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Toughening up for steerable solutions

An upgraded and updated point-the-bit rotary steerable system provides improved lost circulation performance and higher tolerances for drilling in extended-reach and deep-water environments.

In a bid to increase drilling efficiency in challenging reservoirs, which often push tools near the edge of their specification limits, Halliburton set out to create a more robust version of its rotary steerable system (RSS).

The new Geo-Pilot Duro RSS, part of the company’s Geo-Pilot platform, is intended for harsh environments where there might be a high level of vibration, resulting in stick-slip situations.

It is also intended for situations where there is a need for high lost circulation material (LCM) concentrations to address formation instabilities, or for conditions that result in fluid losses.

“It’s more robust than what’s been available in the past,” says Christian Menger, Halliburton’s global rotary steerable system product manager.

The tool is meant to overcome limitations such as tool durability, over-gauge and tortuous wellbores, and restricted flow-by areas, while offering improved steering accuracy and capacity for a high concentration of LCM.

According to the service company, the point-the-bit RSS does not rely on the formation to geosteer, which is advantageous in soft and unconsolidated formations.

It uses proportional steering, which allows 3D directional control with continuous drill string rotation. The system uses an internal drive shaft that is deflected using an eccentric cam system to point the drillbit through a focal bearing.

Externally, the tool features a slowly rotating reference housing decoupled from the drill string to help prevent formation damage. A reference stabilizer on the upper end of the reference housing uses reference disks to provide accurate tool-face control relative to the wellbore.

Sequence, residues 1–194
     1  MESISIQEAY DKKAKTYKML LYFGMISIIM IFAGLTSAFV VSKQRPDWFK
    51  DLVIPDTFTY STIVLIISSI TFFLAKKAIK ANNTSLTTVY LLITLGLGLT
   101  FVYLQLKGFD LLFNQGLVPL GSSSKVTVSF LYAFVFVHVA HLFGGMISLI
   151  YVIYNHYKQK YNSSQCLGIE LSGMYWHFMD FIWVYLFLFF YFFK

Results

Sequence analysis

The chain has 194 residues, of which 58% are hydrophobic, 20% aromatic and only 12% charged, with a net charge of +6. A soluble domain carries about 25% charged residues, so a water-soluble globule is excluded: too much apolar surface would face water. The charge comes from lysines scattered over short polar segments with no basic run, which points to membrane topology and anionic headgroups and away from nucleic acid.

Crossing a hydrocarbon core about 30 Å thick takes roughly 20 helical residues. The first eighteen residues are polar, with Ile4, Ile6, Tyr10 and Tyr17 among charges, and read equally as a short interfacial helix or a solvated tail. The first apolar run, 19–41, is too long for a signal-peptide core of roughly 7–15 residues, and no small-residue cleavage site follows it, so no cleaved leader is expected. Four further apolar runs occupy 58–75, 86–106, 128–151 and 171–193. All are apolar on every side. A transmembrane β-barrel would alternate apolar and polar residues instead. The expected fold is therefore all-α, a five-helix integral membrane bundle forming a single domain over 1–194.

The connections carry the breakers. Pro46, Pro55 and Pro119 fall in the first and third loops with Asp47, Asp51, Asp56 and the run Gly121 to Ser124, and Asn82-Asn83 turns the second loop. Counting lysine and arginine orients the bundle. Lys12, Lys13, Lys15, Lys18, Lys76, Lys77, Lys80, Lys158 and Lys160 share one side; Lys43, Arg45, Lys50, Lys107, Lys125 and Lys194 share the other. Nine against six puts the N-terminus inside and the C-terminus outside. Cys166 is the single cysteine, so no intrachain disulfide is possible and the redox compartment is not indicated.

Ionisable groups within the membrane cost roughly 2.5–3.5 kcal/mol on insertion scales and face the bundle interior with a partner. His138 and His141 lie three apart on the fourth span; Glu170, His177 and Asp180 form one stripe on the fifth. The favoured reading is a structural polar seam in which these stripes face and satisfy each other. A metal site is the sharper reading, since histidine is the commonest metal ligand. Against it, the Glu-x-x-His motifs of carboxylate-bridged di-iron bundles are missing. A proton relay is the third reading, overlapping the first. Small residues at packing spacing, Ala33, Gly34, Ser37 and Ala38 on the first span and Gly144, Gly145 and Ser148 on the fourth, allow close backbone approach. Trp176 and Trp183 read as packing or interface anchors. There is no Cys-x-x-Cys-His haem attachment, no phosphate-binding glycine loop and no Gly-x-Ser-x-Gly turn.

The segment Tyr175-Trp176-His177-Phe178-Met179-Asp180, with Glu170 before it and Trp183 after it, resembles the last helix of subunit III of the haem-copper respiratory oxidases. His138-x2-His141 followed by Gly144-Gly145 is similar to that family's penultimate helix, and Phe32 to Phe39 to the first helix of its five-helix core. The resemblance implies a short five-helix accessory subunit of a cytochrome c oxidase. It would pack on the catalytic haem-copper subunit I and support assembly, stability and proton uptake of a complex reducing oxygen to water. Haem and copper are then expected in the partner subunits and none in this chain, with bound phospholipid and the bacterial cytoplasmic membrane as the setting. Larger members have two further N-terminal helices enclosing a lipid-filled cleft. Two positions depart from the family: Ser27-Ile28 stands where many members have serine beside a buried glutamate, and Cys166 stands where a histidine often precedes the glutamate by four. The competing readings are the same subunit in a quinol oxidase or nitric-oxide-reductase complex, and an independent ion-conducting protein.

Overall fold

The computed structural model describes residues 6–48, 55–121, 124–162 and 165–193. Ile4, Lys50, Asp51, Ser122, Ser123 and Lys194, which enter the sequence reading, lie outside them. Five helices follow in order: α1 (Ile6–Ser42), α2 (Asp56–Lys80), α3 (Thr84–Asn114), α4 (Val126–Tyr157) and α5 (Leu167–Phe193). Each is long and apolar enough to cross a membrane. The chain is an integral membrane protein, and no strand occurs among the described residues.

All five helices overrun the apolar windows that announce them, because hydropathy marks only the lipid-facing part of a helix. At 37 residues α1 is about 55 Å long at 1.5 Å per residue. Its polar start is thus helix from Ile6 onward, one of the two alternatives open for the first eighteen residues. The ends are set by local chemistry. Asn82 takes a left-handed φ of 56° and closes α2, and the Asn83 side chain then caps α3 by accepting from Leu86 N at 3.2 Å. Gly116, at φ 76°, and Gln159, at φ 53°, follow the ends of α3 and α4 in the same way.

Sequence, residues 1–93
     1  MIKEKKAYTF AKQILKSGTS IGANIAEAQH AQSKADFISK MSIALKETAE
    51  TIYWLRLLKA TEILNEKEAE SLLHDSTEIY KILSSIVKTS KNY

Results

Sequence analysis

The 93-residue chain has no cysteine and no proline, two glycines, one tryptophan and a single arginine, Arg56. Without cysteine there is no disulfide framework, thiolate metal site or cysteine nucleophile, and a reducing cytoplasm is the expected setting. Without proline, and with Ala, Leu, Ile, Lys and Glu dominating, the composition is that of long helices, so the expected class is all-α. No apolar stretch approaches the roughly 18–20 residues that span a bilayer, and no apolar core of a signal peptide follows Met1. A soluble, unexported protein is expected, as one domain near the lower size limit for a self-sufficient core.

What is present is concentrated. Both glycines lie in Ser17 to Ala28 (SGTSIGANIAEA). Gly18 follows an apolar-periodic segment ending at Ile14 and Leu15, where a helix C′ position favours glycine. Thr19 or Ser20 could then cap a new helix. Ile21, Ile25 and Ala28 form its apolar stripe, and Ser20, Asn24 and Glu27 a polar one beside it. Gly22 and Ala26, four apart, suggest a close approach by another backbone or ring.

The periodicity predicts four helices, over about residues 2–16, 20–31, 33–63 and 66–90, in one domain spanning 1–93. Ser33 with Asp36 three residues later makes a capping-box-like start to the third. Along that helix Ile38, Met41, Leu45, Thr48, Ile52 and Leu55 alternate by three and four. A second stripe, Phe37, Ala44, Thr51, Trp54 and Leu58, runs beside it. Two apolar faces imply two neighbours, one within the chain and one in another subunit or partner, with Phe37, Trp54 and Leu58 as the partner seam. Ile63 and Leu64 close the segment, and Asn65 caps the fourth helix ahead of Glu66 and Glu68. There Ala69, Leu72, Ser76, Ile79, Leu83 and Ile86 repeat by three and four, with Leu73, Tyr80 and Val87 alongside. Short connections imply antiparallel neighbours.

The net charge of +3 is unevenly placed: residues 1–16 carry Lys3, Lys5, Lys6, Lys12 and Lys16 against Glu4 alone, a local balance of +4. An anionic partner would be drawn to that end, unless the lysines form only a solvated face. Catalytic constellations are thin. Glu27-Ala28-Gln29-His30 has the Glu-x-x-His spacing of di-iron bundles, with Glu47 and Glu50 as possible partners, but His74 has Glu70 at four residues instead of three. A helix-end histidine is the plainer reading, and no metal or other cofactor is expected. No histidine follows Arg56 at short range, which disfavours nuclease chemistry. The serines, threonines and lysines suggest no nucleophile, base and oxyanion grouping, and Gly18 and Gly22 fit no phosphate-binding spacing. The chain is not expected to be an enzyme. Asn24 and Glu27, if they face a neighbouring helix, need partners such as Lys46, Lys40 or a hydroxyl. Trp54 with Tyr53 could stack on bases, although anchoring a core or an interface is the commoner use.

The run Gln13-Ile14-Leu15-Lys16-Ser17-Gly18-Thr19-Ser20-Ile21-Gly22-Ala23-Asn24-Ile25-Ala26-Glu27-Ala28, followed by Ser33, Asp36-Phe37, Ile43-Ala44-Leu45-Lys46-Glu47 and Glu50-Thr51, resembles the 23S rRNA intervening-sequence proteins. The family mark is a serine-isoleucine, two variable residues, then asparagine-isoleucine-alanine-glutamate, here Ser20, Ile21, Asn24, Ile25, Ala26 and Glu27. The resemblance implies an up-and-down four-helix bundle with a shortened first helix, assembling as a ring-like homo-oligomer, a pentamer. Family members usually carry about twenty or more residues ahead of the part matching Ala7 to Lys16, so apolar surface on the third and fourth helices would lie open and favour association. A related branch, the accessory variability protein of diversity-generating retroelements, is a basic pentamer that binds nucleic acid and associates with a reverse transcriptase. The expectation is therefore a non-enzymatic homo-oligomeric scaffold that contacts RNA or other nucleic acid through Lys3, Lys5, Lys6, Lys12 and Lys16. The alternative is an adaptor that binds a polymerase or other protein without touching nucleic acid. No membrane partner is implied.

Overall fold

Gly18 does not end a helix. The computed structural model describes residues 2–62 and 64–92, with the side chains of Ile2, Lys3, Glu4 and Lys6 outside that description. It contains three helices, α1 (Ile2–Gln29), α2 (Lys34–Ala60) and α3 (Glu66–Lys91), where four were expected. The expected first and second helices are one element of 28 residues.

According to Menger, with a point-the-bit RSS, drill string dynamics, vibration and stick-slip do not affect tool-face control. A lower stabilizer also sits on the lower end of the reference housing.

The drillbit, lower stabilizer and reference stabilizer define the three-point steering geometry required for directional control.

“The Geo-Pilot platform is the only rotary steerable system in the industry where the second and third contact points of the steering geometry are decoupled from the drill string,” he says.

“This causes significantly less formation damage, especially when drilling through brittle or highly unconsolidated formations. In systems where these contact points rotate at full drill string speed, they have a tendency to ‘machine’ away the formation, thereby opening up the hole.”

An inline stabilizer runs above the RSS with a gauge larger or equivalent to the reference and lower stabilizers. The inline stabilizer removes hole restrictions when tripping out.

Extended range

Compared to the original Geo-Pilot platform, Menger says, the Geo-Pilot Duro introduces improvements that include a substantially increased flow-by area, ruggedised electronics assemblies, bearings, and seal components, and an extended operating range for rotary speeds, LCM, and shock and vibration.

The increased flow-by area allows faster casing shoe drilling, higher tripping speeds in and out of hole, and higher rates of penetration while drilling.